Here's a little trick that I use to keep the antenna tube from loosening and pulling out. Cut a slot (yellow arrow) right next to the groove that the tube slides into. Now, drill a small hole (red arrow) to the other side of the antenna slot about a 1/4-inch down from the top of the tube entrance.
Insert the tie through the hole and around the tube slot. After inserting the antenna tube into the slot, cinch down on the zip tie. This will tighten the slot around the tube, making it much more difficult for the tube to come out.
Extreme radio box mods
Left - Here is an example of removing all excess material from the throttle servo box. This is pretty extreme, but it does clean things up a little bit, and makes getting to the throttle servo and linkage much easier. Below - This is an extreme modification to the RX box. All but the battery compartment was trimmed off to reduce weight and lower CG. The receiver is placed inside of the battery compartment area, while the battery was moved up front for more front weight bias. Important: This photo is to show what can be removed from the box only. It's very important to cover all areas of the receiver box to prevent moisture and dirt from entering. This set-up is fine for dry conditions, but I don't recommend this mod to be run in wet conditions.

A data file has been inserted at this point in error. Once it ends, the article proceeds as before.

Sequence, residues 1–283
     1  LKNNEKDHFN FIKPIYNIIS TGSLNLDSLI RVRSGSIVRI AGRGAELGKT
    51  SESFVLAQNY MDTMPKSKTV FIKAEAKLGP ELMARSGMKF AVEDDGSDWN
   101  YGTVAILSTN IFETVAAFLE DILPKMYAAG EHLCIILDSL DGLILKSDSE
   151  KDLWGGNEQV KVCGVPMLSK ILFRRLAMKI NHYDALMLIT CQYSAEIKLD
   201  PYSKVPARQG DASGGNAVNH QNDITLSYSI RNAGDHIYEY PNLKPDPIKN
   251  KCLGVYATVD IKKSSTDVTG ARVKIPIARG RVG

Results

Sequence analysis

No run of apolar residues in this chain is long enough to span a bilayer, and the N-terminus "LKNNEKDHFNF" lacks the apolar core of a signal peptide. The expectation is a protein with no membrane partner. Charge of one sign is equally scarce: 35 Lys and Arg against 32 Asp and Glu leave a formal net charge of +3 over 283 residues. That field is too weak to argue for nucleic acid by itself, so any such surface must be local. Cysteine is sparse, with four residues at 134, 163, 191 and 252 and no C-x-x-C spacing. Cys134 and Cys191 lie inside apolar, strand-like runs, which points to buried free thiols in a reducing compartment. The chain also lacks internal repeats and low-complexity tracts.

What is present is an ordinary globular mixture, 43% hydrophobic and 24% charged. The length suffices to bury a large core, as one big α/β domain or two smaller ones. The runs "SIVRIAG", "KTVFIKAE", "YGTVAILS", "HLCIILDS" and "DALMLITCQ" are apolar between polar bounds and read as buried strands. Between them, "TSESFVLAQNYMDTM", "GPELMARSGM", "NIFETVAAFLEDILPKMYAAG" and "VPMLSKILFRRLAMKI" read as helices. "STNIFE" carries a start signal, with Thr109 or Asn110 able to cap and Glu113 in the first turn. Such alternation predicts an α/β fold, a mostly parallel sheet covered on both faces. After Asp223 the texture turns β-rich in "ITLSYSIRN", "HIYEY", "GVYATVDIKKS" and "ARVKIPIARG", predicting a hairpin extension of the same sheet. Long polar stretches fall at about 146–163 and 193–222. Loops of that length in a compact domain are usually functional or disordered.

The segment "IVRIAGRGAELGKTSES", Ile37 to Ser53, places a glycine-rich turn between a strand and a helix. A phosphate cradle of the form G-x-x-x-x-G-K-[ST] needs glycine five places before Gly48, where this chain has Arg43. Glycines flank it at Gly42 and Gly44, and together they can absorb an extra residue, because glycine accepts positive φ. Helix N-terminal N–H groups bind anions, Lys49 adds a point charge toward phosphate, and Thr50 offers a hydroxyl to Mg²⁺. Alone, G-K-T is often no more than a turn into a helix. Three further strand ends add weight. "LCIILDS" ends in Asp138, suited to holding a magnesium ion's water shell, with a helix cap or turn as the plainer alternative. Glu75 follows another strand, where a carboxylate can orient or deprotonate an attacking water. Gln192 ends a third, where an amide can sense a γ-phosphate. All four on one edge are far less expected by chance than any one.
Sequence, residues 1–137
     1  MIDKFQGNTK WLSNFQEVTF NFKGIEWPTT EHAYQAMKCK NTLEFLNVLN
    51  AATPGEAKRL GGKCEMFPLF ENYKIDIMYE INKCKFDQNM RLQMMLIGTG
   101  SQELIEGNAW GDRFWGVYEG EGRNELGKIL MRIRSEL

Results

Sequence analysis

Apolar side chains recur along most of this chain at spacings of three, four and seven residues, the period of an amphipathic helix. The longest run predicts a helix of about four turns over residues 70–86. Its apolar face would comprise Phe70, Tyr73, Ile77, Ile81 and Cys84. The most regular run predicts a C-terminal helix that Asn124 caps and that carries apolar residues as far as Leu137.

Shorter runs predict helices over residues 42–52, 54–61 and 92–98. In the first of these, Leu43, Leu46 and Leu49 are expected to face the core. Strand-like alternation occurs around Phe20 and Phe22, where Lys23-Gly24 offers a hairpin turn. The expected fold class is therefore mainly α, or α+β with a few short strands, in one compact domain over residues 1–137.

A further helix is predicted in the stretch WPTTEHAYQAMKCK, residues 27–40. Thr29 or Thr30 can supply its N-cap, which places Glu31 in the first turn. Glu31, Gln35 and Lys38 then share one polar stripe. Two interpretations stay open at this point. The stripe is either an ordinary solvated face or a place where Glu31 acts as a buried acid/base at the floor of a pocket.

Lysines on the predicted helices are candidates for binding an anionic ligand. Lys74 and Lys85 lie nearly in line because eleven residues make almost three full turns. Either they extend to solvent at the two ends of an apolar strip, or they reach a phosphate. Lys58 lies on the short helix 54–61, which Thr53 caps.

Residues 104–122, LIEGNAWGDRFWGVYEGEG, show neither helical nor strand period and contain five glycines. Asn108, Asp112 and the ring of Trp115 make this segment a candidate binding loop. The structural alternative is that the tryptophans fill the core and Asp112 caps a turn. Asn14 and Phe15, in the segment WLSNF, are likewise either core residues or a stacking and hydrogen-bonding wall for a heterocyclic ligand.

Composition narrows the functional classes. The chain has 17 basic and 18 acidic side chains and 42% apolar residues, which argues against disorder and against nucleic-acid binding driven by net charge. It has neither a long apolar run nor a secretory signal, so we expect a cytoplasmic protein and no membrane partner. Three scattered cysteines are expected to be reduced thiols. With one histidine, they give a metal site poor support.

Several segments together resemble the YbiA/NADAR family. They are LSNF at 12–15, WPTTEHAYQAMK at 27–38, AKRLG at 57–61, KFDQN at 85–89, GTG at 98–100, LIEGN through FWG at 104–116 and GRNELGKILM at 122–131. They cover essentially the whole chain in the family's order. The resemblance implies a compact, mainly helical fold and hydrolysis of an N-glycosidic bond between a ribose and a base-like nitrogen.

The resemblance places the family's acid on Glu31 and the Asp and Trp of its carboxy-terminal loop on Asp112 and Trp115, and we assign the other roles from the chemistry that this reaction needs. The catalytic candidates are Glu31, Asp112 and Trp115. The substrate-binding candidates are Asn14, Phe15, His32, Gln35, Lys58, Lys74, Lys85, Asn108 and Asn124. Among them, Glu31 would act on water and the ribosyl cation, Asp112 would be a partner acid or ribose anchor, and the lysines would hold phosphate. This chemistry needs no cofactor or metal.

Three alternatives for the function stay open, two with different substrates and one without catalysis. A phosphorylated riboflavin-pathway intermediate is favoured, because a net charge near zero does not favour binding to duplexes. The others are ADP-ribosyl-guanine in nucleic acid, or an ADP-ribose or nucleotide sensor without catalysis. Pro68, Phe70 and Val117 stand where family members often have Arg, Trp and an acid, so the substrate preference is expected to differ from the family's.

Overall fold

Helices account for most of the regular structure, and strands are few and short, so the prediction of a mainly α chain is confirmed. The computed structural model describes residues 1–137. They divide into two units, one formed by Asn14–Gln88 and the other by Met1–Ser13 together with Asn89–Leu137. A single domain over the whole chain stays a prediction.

Here's two of my favorite body styles for the Revo: The Traxxas S-Maxx body (#5112X), and the Pro-Line Crowd Pleazer body (#3144-00). I'll use these two bodies to show you a few things that I believe are important for racing.
|Here's both the S-Maxx (above), and the Crowd Pleazer (below) in action. These are the two most commonly used body styles on my Revos. I prefer a "fastback" style not only because I think they look more "racy", but they also offer extra protection to the engine and exhaust system vs. standard bed designs.|
This one should go without saying, but I can't stress enough how important it is to provide a good amount of airflow to the cooling head of your engine. Cut out about a 2-inch hole (round or square) into the windshield on the same side that the engine is located. It doesn't hurt to cut a little out of the drivers side window as well, to allow even more cooling.